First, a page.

Female travellers should be aware of their surroundings and of their possessions, as pickpocketing is fairly common. Great care should be taken with valuables and it is sensible to only carry a small amount of money.

Colombia does still have a very machismo element to its society in some parts. This has its benefits to women in the chivalrous attitudes of some men, but an overflow of it can lead to cat-calling and unwanted attention that may be unfamiliar and uncomfortable to some women. Avoiding walking alone, at night or in certain areas of cities may help to limit experiences of this.

Drugs have been used to subdue and temporarily incapacitate unsuspecting victims. They are known to have been administered through food, drinks, cigarettes, aerosols and paper flyers. Criminals use this to leave their victims vulnerable to crimes including robbery and sexual assault. When in Colombia, you should never leave drinks or food unattended, or accept anything from strangers that could potentially be used in this way.

It is important to find balance in understanding the potential dangers for female travellers in Colombia. They are present, can be very serious and should therefore not be underestimated. However, it is also important to remember that the vast majority of people experience no troubles and leave only with incredible life-long memories. All usual precautions possible to protect yourself as a traveller should be taken.


Tips for Staying Safe in Colombia

Buy the Right Insurance

Always make sure you are covered for any specific activities that you are planning, or may end up doing, when on your travels. A wide range of insurance policies exist, but it is wise to make sure that you take out the most comprehensive cover you can.

In Colombia, it is also important to consider the level of medical care your policy will cover. Because the standard of healthcare varies greatly, it is worth ensuring that your policy will cover you for private healthcare and any treatment that you may require. This will give you peace of mind should something really unfortunate occur.

Learn the Language and Customs

Learning the language of the country that you are travelling to has so many benefits. It provides opportunities for you to engage with the culture and locals, as well as helping you to communicate in any necessary situations that may require a simple grasp of the language (for example, calling the emergency services).

Columbia is a country that due to past and present problems has some strict prohibitions, particularly surrounding drugs. This may cross over into medications that you may be taking to the country with you. It is important that you always know of any such prohibitions before travelling so that you can avoid any inadvertent offences.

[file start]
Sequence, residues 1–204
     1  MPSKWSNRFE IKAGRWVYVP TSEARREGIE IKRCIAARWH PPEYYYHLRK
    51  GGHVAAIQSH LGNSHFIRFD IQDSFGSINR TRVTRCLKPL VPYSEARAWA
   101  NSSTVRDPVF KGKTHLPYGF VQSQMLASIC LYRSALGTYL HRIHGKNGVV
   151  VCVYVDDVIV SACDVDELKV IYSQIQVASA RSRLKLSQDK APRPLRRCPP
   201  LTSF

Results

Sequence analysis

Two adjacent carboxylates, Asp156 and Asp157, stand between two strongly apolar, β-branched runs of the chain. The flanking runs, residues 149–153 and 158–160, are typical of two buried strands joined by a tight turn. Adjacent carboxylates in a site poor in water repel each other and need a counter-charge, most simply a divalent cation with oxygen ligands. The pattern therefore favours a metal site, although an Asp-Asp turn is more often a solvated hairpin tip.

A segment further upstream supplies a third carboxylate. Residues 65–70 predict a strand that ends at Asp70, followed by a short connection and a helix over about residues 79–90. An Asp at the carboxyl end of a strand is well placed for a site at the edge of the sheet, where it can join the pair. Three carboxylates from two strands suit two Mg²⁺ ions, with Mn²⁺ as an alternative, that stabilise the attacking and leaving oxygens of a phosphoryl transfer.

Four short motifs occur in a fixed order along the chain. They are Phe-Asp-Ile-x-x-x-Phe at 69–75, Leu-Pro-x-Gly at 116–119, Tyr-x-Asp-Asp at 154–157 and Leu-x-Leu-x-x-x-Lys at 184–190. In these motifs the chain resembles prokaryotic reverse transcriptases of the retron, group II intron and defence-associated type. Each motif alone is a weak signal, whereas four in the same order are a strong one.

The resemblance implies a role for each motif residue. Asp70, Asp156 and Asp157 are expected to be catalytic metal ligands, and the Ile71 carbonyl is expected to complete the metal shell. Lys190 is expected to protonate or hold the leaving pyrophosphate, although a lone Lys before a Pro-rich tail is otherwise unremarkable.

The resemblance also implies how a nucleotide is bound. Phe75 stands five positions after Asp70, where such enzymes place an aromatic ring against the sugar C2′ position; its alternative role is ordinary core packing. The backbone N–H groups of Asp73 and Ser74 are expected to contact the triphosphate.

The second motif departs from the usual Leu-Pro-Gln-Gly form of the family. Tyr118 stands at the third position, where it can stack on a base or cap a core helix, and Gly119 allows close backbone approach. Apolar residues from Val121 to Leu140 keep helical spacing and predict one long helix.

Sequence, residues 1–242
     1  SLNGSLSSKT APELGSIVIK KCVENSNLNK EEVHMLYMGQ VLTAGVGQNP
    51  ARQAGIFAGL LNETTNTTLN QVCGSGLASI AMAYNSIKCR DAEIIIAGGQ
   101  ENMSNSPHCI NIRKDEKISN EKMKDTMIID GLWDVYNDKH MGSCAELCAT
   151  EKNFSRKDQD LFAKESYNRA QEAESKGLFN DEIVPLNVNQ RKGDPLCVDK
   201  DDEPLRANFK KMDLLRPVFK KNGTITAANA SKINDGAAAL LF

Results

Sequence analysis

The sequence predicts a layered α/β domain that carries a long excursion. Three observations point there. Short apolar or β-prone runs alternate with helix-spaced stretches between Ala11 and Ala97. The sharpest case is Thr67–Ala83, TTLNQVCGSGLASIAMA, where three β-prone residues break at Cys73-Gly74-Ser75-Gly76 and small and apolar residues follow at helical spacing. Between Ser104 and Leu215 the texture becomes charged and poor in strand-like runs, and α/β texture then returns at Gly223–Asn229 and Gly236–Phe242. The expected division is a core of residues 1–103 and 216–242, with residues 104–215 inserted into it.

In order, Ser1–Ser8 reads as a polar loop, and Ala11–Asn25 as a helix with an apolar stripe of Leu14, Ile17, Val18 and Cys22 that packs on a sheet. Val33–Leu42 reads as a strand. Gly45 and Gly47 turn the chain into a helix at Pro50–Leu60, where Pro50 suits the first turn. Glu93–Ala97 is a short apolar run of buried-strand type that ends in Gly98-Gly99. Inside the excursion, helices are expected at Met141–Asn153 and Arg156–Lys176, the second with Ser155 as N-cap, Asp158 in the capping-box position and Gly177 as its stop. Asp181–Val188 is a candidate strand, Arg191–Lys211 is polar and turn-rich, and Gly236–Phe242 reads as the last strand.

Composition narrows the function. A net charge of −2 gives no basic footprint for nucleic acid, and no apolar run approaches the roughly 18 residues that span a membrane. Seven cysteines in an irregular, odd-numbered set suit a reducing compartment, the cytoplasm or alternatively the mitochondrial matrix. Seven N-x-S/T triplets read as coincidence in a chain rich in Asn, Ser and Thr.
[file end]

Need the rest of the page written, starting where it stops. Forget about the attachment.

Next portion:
Knowing of local customs not only allows you to strike up friendships, but also avoid causing offence by accident. As customs may be general across the country or specific in certain regions, it is worth the time reading up about them before you travel.

Be Vigilant at All Times

Remaining vigilant will help to ensure that your trip is remembered for wonderful reasons. Keep your possessions close and not on show, use reputable companies for activities, travel and eating and be wary of strangers approaching and offering to sell you things.

Colombia is a country with so much to offer, and it can be a safe place to travel as testified to by the majority of the near two million visitors it receives each year. But, as with anywhere around the world, it is safest when travellers take all the reasonable precautions they can.


If you’re travelling to Colombia, then stay safe and keep covered in the event of an accident by taking out a comprehensive travel insurance policy with Navigator Travel Insurance. 

Is it Safe to Travel to Cuba?

The Republic of Cuba, comprising the island of Cuba, Isla de la Juventud and several minor archipelagos, is found in the northern Caribbean where the Caribbean Sea, Gulf of Mexico and the Atlantic Ocean meet. Its main island, Cuba, is the largest in the Caribbean and the second-most populous with over eleven million inhabitants.

Cuba has been inhabited for thousands of years, first by the Ciboney Taíno people until Spanish colonization in the 15th Century. It remained a colony of Spain until 1898 when it was occupied by the United States, gaining nominal independence as a de facto United States protectorate in 1902. Cuba’s 20th Century history includes political radicalisation, social strife, coups and times under the dictatorship of Fulgencio Batista. Corruption and oppression led to Batista’s ousting in 1959 and communist rule being established under Fidel Castro. Since 1965, the state has been governed by the Communist Party of Cuba.

Due to its varied history, Cuba is a diverse country and its culture has been influenced by customs from across the globe. Its primary influences are of Spanish and African in origin. Cuba is considered part of Latin America.